Category: Packaging & Ingredients

Science Fare

Food Science Blog Pic

Source: Institute of Food Technologists

The science of sustenance. Diet developments. Munchie modification. Whatever alimental alliteration you choose, it’s all covered under a food processor’s “Research and Development” department. Almost all food manufacturers have an R&D division whose responsibility it is to improve existing products and manufacturing processes, extend current product lines and develop entirely new foods. Today we highlight some of what’s trending in food development.

Apples and Orange (Bananas)
Color is extremely important when it comes to food perception. Studies have shown that when it comes to our experience of food, food color is more important than food labeling or food taste. On a related note, food presentation garners similar results. Enter the “Arctic Apple”, a new breed of non-browning apple. Arctic Apples look and taste like a regular apple, but do not brown like traditional cut apples unless they sustain significant damage, like a fungal or bacterial infection. Proponents of the Arctic Apple feel that nonbrowning apples are more attractive to consumers, and thus will reduce food waste and increase fruit consumption.

Bananas are also getting a makeover. Scientists are currently testing a “super banana” with orange flesh that’s derived from genetically-modifying the banana’s amount of beta-carotene. The peel is yellow and it tastes like a normal banana, but the inside fruit is an attractive shade of cantaloupe orange. The hope is that the super banana will eventually help to prevent blindness in malnourished children around the globe.

A new variety of “Burgundine” asparagus is currently being trialed in the United Kingdom. Burgundine asparagus is the result of crossing normal green asparagus with an heirloom breed of purple asparagus. The resulting violet-hued stalks contain less lignim, the substance that makes asparagus fibrous, and can be eaten raw or cooked. Bring on the dips!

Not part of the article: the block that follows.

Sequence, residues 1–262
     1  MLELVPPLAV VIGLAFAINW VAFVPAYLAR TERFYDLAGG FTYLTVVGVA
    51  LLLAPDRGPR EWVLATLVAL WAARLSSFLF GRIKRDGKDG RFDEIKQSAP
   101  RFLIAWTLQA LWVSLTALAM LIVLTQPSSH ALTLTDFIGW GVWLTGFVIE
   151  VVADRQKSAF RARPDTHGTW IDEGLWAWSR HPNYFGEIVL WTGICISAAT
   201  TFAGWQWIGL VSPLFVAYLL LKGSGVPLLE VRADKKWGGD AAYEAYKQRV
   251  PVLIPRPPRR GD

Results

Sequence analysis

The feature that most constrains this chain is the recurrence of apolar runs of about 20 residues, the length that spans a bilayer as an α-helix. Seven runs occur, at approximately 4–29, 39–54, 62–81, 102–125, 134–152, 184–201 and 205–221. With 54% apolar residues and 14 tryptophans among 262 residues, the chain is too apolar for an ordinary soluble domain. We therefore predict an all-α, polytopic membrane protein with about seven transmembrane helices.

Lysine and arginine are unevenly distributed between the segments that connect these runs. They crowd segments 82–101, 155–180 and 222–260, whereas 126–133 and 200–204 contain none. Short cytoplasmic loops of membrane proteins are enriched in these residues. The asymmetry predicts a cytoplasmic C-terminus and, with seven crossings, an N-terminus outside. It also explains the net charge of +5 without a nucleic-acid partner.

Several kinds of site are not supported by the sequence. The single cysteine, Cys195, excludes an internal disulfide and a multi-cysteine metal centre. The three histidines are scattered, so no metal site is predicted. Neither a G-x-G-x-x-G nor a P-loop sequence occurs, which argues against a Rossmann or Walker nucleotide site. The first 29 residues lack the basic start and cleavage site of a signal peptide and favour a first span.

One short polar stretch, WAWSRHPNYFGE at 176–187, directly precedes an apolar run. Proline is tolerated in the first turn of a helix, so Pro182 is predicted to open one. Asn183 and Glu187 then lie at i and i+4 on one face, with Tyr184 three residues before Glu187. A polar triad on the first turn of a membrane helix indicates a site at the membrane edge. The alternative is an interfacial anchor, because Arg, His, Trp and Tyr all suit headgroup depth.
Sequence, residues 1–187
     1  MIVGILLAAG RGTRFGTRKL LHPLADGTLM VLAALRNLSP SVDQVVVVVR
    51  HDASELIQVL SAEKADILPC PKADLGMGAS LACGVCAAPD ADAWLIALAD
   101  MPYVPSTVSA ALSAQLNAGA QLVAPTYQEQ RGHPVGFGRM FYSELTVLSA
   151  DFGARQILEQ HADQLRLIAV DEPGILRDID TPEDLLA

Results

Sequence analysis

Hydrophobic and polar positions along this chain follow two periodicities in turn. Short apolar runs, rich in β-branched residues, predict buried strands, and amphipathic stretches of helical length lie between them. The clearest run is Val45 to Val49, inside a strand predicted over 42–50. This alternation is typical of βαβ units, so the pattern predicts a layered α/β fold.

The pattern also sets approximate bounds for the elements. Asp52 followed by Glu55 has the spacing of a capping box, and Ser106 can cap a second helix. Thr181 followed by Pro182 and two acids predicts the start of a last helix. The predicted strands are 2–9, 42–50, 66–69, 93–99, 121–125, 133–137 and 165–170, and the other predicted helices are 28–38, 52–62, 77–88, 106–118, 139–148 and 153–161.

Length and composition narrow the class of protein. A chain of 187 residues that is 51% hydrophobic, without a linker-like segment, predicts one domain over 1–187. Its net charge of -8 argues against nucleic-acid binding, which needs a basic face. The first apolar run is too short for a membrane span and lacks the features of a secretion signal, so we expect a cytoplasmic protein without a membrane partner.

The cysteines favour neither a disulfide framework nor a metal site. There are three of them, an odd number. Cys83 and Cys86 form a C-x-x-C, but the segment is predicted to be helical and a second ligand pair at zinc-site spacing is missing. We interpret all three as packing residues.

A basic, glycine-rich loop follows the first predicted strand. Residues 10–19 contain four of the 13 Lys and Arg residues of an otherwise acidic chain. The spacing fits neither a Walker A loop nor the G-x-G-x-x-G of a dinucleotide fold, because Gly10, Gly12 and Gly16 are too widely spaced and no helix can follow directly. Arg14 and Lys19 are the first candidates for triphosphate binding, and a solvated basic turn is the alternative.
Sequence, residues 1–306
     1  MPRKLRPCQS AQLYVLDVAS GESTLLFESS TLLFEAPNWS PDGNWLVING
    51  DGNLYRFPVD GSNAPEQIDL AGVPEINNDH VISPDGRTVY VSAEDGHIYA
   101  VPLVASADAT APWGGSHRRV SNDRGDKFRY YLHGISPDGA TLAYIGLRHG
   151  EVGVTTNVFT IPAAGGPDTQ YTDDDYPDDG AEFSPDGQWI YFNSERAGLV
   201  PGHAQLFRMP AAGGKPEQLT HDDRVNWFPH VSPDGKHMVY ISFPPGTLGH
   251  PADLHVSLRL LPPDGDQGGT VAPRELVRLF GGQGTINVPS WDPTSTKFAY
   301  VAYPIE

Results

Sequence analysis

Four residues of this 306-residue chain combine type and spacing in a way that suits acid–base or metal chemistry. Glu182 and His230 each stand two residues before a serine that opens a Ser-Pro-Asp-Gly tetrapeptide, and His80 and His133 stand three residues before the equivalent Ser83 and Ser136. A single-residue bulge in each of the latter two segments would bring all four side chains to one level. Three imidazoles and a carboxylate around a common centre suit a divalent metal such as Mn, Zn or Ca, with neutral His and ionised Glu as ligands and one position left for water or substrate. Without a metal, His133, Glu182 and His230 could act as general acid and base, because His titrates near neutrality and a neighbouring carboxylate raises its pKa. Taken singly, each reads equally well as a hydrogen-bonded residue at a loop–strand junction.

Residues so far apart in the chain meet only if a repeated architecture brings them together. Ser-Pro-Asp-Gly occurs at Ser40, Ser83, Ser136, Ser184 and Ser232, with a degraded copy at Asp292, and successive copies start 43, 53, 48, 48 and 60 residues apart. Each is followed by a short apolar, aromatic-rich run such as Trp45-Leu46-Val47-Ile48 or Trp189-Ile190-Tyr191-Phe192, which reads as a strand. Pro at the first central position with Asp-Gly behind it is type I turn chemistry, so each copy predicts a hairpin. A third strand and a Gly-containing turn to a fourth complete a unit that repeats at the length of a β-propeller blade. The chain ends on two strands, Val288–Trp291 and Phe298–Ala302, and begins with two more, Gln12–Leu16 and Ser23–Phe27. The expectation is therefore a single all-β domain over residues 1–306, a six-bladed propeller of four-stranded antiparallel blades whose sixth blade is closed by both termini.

There’s Diamonds in Them Thar Jars
Put down the spoon and back away from the jar. That peanut butter that you were about to lick might be better suited for your home safe than for your cupboard. By mimicking the conditions of the earth’s mantle, a researcher in Germany has turned peanut butter into diamonds. What the what? Yes, peanut butter diamonds. Diamonds need carbon combined with intense heat and pressure in order to form, and, as it turns out, peanut butter is a pretty good source of carbon. Don’t run to Costco just yet, though. The peanut butter diamonds are small, fragile and impure, and eventually disintegrate.

Lick Or Treat
A Google search for “licking the yogurt lid” yields over 90,000 results, Facebook pages and blogs are dedicated to the activity, and ad campaigns by Yoplait and Muller have been based around it. Until recently, however, there was no solution to the obligatory-yogurt-stuck-on-the-lid phenomenon. Morinaga Milk, a Japanese company, has changed that. They’ve developed a nonstick technology for yogurt lids that’s inspired by the lotus leaf, which is known for repelling water and staying dry and clean. As to the obvious question as to why no one’s thought of this before, apparently it’s quite difficult to simultaneously repel yogurt while maintaining container sealability. Pesky physics.

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Healthy People, Healthy Products, Healthy Planet

earth-day-foodToday is Earth Day, and our blog usually focuses around Nelson-Jameson’s social and environmental sustainability practices. This year, however, we’re taking a “big picture” approach, and exploring the overall food industry’s sustainability outlook. We’ll take a closer look at the ways in which food manufacturers, distributors, suppliers and retailers are taking steps to increase sustainability and reduce waste in the supply chain.

So, what is sustainability? Well, in this context it means that a business’s industrial practices and strategies create and maintain the conditions under which humans and nature can exist in productive harmony while permitting the fulfillment of social and economic needs of present and future generations. For the food industry, sustainability is a major strategic issue for the entire food supply chain—agriculture, manufacturing, packing and distribution.  With an expected 60% increase in global food demand by the year 2050, the food industry is facing increasing pressure regarding raw materials, ingredient sourcing and food production in a competitive environment of constant supply chain optimization and control. Given the circumstances, achieving sustainable practices seems pretty daunting. So, what can be done?